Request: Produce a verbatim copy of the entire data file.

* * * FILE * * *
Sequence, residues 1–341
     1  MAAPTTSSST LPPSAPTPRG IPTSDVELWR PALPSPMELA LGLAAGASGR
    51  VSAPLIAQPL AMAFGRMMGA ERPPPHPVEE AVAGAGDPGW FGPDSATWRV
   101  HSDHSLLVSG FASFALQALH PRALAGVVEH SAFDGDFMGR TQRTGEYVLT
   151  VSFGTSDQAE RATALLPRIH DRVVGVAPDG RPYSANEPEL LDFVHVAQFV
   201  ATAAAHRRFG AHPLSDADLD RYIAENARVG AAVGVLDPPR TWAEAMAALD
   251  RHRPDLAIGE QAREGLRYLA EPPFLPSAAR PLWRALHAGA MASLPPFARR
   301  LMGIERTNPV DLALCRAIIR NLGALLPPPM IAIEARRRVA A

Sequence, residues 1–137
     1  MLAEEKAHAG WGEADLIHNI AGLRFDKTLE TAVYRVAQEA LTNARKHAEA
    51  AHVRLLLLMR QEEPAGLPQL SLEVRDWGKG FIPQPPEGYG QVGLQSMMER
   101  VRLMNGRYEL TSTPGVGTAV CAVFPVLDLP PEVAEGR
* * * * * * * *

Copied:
Sequence, residues 1–341
     1  MAAPTTSSST LPPSAPTPRG IPTSDVELWR PALPSPMELA LGLAAGASGR
    51  VSAPLIAQPL AMAFGRMMGA ERPPPHPVEE AVAGAGDPGW FGPDSATWRV
   101  HSDHSLLVSG FASFALQALH PRALAGVVEH SAFDGDFMGR TQRTGEYVLT
   151  VSFGTSDQAE RATALLPRIH DRVVGVAPDG RPYSANEPEL LDFVHVAQFV
   201  ATAAAHRRFG AHPLSDADLD RYIAENARVG AAVGVLDPPR TWAEAMAALD
   251  RHRPDLAIGE QAREGLRYLA EPPFLPSAAR PLWRALHAGA MASLPPFARR
   301  LMGIERTNPV DLALCRAIIR NLGALLPPPM IAIEARRRVA A

Sequence, residues 1–137
     1  MLAEEKAHAG WGEADLIHNI AGLRFDKTLE TAVYRVAQEA LTNARKHAEA
    51  AHVRLLLLMR QEEPAGLPQL SLEVRDWGKG FIPQPPEGYG QVGLQSMMER
   101  VRLMNGRYEL TSTPGVGTAV CAVFPVLDLP PEVAEGR